Costa Rica will not admit Cuban migrants who are stranded in Panamá adjacent to the country’s southern border, the foreign minister, Manuel González, said Wednesday.
He said that those migrants have to make their way to the United States other than under a transportation plan Costa Rica has in mind.
The foreign minister made this comments while discussing what he called a pilot project to send 180 Cuban by air to El Salvador Tuesday. The airlift will be from Daniel Oduber airport in Liberia via Avianca.
The plan is to transport the migrants by bus to the northern Mexican border from El Salvador.
González noted that the Cubans are likely to face some resentment as they travel by land because they are the only national group that gets preferential treatment from U.S. immigration authorities. He noted that in the countries to the north, El Salvador, Guatemala and México, there are individuals who have been deported from the United States.
Each of the adults involved in the pilot project will pay $550 to a private travel firm for the trip.
That amount also covers the $29 exit tax from Costa Rica, the $60 visa for El Salvador and the $10 visa for Guatemala, the foreign ministry noted.
Ironically, $1 of the Costa Rican exit tax goes into a fund for victims of human trafficking.
González emphasized that the Cubans here are legal because they have government-issued visas. His ministry also is backing away from the details of the pilot project by saying that none of the governments of the countries involved and none of the international organizations will assume the cost of the trips and that payment is a private transaction.
Those selected for the trip will be those with the longest time in Costa Rica with the capacity to pay, said a ministry announcement.
Based on the capacity of the pilot project aircraft, some 44 flights would be needed to move the 7,800 Cubans already in Costa Rica to El Salvador. And that also would represent a charge of $4.3 million.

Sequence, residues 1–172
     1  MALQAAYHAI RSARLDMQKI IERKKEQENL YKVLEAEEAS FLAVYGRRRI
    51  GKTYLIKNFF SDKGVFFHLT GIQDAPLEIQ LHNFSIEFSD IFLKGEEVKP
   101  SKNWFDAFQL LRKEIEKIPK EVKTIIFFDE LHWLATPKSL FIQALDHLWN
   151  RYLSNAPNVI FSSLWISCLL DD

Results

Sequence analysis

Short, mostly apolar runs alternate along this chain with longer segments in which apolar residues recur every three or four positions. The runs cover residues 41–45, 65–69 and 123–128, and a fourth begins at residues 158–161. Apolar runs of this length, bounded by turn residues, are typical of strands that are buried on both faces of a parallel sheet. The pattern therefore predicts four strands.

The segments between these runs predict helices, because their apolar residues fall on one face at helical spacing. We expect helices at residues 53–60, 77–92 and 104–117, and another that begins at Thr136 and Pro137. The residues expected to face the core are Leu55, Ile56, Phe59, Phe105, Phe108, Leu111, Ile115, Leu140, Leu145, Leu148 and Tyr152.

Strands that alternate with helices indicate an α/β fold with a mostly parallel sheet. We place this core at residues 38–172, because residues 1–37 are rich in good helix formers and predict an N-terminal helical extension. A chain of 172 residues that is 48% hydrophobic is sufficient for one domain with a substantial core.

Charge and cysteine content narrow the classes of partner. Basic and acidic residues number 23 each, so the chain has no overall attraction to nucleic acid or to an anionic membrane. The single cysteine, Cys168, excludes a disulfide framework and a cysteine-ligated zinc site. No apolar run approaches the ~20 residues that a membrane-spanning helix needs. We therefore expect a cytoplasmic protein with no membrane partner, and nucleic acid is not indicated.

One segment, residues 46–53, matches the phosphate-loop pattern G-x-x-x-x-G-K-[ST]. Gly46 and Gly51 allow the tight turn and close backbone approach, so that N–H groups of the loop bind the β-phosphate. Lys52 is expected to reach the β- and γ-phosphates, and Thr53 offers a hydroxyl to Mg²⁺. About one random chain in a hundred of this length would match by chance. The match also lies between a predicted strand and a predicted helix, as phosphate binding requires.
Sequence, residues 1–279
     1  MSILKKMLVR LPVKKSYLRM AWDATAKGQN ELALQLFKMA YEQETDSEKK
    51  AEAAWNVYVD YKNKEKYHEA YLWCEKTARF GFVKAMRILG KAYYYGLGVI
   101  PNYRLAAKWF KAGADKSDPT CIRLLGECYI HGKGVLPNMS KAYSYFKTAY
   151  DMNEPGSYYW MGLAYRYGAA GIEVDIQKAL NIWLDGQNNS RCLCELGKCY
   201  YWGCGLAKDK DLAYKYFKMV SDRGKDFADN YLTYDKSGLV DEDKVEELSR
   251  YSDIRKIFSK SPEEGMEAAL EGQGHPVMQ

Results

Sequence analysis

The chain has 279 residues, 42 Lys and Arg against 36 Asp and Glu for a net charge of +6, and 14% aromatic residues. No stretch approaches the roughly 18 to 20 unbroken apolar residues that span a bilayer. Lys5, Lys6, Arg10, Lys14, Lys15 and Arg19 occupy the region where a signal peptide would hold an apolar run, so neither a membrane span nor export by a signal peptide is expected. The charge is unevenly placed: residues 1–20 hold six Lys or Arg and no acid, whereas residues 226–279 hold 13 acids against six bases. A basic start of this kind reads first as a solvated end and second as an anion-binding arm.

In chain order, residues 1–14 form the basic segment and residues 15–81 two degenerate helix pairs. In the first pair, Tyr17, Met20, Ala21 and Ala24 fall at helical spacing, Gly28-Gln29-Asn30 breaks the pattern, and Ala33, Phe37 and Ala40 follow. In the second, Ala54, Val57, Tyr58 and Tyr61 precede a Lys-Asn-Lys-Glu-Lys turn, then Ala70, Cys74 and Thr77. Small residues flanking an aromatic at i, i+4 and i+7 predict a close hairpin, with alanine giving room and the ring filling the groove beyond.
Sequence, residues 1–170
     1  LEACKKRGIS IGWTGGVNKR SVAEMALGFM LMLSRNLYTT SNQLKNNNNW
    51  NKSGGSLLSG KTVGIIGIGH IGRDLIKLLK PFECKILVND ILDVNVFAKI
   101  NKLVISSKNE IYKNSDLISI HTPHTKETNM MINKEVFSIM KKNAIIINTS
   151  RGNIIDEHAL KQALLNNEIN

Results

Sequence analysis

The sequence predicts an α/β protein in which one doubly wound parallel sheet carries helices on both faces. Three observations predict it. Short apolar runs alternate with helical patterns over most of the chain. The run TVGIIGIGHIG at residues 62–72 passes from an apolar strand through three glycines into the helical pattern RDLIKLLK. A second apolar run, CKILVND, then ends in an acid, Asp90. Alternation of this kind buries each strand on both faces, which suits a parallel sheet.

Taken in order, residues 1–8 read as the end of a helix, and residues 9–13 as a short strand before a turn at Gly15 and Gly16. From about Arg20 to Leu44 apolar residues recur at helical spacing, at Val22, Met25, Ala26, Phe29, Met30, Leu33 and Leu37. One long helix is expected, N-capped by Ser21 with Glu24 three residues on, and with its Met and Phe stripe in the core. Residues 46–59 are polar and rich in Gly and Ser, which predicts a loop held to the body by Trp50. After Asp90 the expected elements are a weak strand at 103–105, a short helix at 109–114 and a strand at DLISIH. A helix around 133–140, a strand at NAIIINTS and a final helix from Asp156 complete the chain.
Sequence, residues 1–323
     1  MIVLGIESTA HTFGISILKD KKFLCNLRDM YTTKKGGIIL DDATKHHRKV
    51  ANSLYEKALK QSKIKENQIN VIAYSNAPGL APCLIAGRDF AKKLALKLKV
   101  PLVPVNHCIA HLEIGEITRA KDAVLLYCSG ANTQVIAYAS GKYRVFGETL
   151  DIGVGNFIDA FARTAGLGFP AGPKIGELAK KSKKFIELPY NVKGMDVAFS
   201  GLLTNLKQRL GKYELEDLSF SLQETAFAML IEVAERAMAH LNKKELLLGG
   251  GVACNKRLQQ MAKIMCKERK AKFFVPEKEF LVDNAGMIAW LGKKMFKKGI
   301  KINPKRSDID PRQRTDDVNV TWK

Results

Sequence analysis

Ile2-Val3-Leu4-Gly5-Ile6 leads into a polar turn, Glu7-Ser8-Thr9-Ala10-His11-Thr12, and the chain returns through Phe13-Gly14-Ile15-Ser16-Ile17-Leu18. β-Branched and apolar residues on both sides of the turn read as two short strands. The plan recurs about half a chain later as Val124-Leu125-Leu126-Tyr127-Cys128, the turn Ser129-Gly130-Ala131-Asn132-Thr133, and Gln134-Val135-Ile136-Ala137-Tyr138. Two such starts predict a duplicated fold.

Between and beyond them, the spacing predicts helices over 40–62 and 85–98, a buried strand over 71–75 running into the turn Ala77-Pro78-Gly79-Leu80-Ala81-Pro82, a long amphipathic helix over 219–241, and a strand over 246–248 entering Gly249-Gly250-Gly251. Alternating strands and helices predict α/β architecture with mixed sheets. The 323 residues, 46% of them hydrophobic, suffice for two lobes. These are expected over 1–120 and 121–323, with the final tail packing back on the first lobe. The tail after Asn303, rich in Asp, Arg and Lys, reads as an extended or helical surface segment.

González really did not have an answer when asked about those migrants who might be unable to pay the requested fare.
In addition to the visas, the fee is supposed to cover food,
travel insurance, bus fares, lodging along the way and other expenses.
The International Organization for Migration will be the agency that evaluates and picks the travel firms, it said.
González said that after the first group reaches México, representatives of the governments in the region will meet to evaluate the entire project.
If the plan is adopted for the rest of the Cubans, the government envisions flights from Juan Santamaría airport in Alajuela as well as the Liberia airport.
Most of the Cubans flew from their island to Ecuador and traveled by land to Costa Rica. They seek to take advantage of the 1966 Cold War era U.S. law that gives them immigration preference.
The Costa Rica situation is similar to the situations elsewhere as Cubans seek better economic conditions in the United States before the U.S. welcome mat is withdrawn due to that country’s rapprochement with Cuba.
The Pew Research Center said it filed a public record request to learn from U.S. Customs and Border Protection that 43,159 Cubans entered the U.S. via ports of entry in fiscal year 2015.